“When the Affordable Care Act became law five years ago, nobody foresaw the bungled rollout in 2013 or the huge row over canceled plans for several million people whose policies didn’t comply with the new law. But the next five years ought to be far smoother for the health reform law known as Obamacare. The ACA faces one more major hurdle: The lawsuit at the Supreme Court, known as King v. Burwell, over whether federal subsidies are valid in 34 states that rely on the federal exchange. If the court sides with the plaintiffs, seven million Obamacare enrollees could lose insurance, forcing a major revamp of the plan. But if the court upholds the law, Obamacare will finally be on track to become a fundamental pillar of the U.S. healthcare system, just like Medicare, the federal health program for retirees. “Over time, more and more people are going to draw benefits from the ACA,” says Henry Aaron of the Brookings Institution. “Any [politician] running against Medicare today would be suicidal. The same thing will be true of the ACA at some point.” Even though it remains unpopular, the ACA is accomplishing what it was meant to do: Providing health insurance coverage for those who can’t otherwise afford it. More than 16 million Americans receive health insurance through the ACA, and the Congressional Budget Office expects that number to rise to 25 million by 2020. The vast majority of people will still get health insurance through an employer, but the ACA will cut the number of uninsured by half. It still won’t provide “universal coverage,” since there will be about 26 million uninsured Americans in 2020. That’s because the law allows many exemptions from the requirement for all adults to have coverage. But the ACA has pushed down the portion of Americans without insurance to 12.9%, the lowest level in 40 years. The uninsured rate is likely to stay there. It also stands to reason that the ACA will gradually become more popular as negative publicity wanes. The portion of Americans who dislike the law is still larger than the portion who favor it. But the gap has narrowed recently, with 43% of Americans opposed to the law and 41% in favor of it, the smallest difference between unfavorable and favorable views since the fall of 2012, according to polls by the Kaiser Family Foundation. Many gloomy predictions regarding the health law have failed to materialize. It hasn’t led to massive job cuts, as critics predicted, and employers haven’t dumped workers off their health plans en masse. Attitudes toward the plan will likely improve as these concerns fade….”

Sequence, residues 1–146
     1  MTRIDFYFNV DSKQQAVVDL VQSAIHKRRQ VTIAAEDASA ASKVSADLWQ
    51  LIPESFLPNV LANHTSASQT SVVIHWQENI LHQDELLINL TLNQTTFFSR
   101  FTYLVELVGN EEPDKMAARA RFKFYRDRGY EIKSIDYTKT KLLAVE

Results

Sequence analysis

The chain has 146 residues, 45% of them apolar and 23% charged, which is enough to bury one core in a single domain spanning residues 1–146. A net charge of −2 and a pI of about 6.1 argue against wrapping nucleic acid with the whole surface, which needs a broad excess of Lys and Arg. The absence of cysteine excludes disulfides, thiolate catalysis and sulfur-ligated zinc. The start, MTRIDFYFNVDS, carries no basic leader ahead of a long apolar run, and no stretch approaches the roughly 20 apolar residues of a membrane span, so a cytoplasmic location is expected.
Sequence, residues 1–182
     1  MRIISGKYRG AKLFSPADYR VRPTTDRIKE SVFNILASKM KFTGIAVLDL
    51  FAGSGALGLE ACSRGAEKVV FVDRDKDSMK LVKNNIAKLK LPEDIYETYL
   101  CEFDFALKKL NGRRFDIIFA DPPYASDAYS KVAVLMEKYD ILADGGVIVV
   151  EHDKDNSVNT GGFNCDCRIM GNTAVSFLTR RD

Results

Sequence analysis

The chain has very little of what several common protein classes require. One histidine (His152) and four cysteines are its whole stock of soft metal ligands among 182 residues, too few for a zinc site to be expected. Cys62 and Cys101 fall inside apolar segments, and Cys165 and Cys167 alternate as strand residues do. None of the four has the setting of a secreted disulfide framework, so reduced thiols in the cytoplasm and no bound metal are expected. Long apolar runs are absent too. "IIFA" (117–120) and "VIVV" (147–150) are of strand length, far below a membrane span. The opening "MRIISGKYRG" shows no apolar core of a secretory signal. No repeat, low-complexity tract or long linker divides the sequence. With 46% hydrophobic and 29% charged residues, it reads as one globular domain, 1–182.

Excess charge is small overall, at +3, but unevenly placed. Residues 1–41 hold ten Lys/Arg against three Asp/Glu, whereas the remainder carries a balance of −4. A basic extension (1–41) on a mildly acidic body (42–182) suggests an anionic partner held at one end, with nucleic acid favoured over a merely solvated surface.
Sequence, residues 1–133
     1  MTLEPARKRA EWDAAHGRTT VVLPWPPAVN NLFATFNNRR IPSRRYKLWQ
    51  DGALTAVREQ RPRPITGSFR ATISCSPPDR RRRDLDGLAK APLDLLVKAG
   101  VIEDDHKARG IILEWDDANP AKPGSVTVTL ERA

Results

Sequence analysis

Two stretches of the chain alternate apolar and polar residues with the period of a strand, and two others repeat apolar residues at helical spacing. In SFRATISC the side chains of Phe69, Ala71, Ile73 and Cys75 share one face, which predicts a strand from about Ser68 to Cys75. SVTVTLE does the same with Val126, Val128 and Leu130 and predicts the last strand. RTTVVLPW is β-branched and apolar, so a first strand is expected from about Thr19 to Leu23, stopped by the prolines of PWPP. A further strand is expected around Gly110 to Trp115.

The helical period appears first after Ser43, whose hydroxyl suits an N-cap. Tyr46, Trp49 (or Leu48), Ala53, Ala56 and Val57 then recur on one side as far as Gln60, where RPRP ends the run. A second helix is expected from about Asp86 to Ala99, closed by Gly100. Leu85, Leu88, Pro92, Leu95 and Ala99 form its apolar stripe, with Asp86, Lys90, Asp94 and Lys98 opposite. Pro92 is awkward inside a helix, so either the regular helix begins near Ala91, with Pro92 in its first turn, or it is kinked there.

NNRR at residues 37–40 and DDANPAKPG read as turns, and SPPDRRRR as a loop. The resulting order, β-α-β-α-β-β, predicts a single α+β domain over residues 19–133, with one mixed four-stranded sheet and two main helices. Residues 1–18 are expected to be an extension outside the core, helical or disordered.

5 Years Later ObamaCare Is Still Going Strong, Says Unions